Achilles Tendonitis Treatment
How to treat Achilles tendonitis?
There are many effective ways to treat Achilles tendonitis. This page hopes to outline and help you understand the before, during and after process of Achilles tendonitis treatment.
Injury prevention (BEFORE):
Although it’s impossible to completely avoid injury, it is possible to condition your body to be able to withstand unexpected movement and/or shock to your tendons. The best way to treat any sport related injury or common pains such as tendonitis is to actually prepare your body for the inevitable fact that injuries will occur when you least expect it.
- Keep physically active – Whether you play sports professionally, socially, or not at all, moving and exercising the minimum requirement every week will ensure that your body is functioning sufficiently for everyday activities.
- It may sound silly, but running for the bus or train first thing in the morning will cause a significant amount of stress on your heels and muscles surrounding your Achilles tendon – doing a lot more damage if you are not exercising regularly. While your legs and feet may feel fine while you’re running, the after effects of a short burst of such a high impact activity are what contribute heavily towards Achilles tendonitis and other injuries.
- Routine daily stretches are highly important whether you play sports or not:
- There’s more to stretching than just loosening and warming up muscles.
- Stretching daily will maintain flexibility and increase the range of motion in your joints and muscle – range of motion and muscle stability are crucial to decreasing susceptibility to tendonitis.
- Shoe support/fit is something that is overlooked by many:
- Wearing the wrong kind of shoes can have dramatic effects when worn for the wrong situation or for prolonged periods of time.
- Having the right support for your foot and your arch is important as it relieves stress off your feet trying to compensate for the lack of support.
- Conditioning and strengthening
- Similar to stretching; conditioning and strengthening have the effect of relieving the tendon by giving the surrounding muscles more stability and control.
- Braces and other supportive gear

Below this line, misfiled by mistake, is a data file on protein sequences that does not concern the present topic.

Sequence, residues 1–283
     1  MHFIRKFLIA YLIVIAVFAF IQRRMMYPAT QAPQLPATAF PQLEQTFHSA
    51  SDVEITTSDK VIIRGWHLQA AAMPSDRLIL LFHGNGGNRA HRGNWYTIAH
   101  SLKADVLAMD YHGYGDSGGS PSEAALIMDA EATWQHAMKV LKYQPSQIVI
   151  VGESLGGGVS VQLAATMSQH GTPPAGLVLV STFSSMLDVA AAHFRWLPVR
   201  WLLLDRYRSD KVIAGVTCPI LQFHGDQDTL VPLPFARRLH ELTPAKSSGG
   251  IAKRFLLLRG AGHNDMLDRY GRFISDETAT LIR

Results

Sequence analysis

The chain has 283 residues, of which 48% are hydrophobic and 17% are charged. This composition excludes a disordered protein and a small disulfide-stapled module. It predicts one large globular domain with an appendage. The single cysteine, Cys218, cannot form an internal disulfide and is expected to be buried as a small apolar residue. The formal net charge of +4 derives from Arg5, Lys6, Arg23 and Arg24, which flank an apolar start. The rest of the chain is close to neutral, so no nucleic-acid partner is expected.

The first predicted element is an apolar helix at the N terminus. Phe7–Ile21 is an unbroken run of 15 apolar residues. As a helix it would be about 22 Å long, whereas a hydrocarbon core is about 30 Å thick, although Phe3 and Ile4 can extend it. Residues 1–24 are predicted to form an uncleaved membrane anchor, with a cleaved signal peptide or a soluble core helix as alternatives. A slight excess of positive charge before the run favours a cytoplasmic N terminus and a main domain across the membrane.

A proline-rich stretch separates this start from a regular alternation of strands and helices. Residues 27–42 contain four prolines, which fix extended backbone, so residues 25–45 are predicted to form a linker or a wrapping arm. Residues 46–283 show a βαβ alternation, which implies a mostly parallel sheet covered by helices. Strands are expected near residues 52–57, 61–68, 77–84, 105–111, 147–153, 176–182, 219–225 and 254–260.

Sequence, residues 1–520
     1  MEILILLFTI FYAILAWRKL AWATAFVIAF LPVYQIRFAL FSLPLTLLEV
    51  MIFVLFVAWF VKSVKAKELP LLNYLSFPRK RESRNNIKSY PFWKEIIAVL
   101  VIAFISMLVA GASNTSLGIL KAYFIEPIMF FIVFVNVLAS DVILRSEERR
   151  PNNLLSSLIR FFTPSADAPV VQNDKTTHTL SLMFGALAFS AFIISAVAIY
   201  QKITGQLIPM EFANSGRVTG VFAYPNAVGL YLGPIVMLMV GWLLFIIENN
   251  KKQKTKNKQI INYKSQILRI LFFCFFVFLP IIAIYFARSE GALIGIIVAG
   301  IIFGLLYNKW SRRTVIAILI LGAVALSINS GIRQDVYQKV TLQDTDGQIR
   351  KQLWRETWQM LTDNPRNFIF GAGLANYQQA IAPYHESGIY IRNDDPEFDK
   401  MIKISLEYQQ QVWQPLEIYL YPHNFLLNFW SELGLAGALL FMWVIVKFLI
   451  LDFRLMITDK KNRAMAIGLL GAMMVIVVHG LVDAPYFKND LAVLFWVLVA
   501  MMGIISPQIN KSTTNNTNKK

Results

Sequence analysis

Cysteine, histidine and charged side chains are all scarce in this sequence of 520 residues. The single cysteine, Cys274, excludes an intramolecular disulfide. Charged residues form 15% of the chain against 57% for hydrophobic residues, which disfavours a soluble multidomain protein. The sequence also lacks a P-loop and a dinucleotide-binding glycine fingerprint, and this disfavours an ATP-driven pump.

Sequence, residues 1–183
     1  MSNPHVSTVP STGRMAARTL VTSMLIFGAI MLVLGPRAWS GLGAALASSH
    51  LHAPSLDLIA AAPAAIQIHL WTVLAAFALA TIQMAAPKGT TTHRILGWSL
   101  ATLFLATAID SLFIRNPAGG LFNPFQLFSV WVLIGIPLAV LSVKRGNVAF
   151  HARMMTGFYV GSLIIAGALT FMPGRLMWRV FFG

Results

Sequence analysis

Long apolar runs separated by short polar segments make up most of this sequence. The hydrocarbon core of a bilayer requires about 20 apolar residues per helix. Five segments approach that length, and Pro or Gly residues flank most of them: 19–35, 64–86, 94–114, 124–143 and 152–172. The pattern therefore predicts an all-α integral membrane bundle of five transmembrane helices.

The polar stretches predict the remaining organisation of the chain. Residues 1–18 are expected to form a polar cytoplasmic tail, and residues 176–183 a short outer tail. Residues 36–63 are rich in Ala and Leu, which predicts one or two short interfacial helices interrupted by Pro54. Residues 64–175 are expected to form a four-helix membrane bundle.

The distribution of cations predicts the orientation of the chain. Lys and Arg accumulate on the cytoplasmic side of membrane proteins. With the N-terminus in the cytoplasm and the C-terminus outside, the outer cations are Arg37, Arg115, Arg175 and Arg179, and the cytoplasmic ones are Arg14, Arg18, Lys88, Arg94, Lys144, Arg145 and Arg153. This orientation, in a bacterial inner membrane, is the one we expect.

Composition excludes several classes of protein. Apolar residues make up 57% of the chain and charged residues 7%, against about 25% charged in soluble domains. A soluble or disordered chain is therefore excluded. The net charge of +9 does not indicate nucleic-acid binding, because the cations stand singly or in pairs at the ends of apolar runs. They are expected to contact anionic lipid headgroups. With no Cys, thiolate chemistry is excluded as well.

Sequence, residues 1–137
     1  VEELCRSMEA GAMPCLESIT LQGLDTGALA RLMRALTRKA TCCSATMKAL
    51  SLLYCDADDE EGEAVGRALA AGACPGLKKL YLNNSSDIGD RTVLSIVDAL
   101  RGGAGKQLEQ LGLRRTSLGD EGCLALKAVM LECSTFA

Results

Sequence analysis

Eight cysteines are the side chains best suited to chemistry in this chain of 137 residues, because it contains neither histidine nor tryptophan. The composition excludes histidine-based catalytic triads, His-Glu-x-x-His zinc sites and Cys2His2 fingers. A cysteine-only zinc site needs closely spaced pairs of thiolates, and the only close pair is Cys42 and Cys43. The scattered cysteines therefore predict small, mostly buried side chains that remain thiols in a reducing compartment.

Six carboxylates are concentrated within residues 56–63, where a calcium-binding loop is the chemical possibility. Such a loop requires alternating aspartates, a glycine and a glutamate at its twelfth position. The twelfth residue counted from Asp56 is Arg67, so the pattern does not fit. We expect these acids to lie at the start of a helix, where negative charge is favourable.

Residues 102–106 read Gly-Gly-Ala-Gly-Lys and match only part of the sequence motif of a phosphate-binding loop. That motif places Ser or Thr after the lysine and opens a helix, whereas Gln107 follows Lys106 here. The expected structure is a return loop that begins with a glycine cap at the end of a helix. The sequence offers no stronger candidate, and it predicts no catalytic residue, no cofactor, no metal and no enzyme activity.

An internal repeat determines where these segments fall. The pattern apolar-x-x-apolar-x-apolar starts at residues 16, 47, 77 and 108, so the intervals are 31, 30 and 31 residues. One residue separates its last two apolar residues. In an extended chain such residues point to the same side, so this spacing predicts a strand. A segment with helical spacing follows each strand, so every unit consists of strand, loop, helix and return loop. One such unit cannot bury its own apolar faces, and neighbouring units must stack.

- Braces such as The Aircast Airheel Brace are a great way of helping prevent Achilles tendonitis by compressing and enhancing the blood flow in the foot and ankle area.
If you know you are going to be participating in sports, it’s important to warm up your calf and Achilles tendon, easing into the movements and actions you’re most likely to perform.
And finally, after warming your muscles, stretch!
Treating an injured Achilles (DURING):
If you have just suffered from an injury relating to Achilles tendonitis, you can:
REMEMBER R.I.C.E – R.I.C.E is not just applicable to Achilles tendonitis, it is used for almost all serious sporting injuries.
- Keep weight off the tendon.
- Rest gives the tendon time to recouperate and heal itself.
- Use cryotherapy (ice) on the affected area:
- Applying ice directly after exercise or an injury will help reduce pain and swelling.
- Compress the Achilles
- As stated above, products like the “Aircast Airheel” will help with support and stability for the Achilles.
- Compression increases blood flow, meaning faster recovery time.
- Elevating the injured area above resting heart rate
- Reducing swelling
- Anti-inflammatory medication
- Prescribed by a doctor or bought over the counter.
- Other medical advice prescribed by doctor
- Steroid cortisone shots
- Moderate exercise/stretching
- Continue normal exercise and stretching but at a much slower and easier rate; exercises and stretches should only be done in this case to maintain range of motion and movement in the joints and tendon.
Treatments AFTER an injury:
If all else fails and you still manage to incur Achilles tendonitis, treating it will depend on the severity of the injury.
NOTE: it’s important that you don’t treat yourself based on self-diagnosis, seek proper medical advice from your local doctor or physiotherapist first.
If R.I.C.E does not help with the initial injury, it is possible you have sustained a Stage 2 or 3 injury that requires more attention, and possibly rehabilitation.
In the case of rehabilitation, there are a number of techniques physiotherapists’ may apply accordingly:
- Advanced stretches and exercises
- Prescribe special insoles for your shoes
Key points for Achilles Tendonitis
- By taking the right precautionary methods during and after sports, you can reduce your risk of a ‘sudden injury’ happening.
- Remember tendonitis is brought on by constant overuse. Resting and muscle recovery is extremely important.
- On the other hand if your lifestyle demands a significant amount of physical exercise and excessive training you can look to other alternatives such as braces that provide stability and support for your Achilles over long periods of time and a range of different activities. Click HERE to find the right brace for YOU.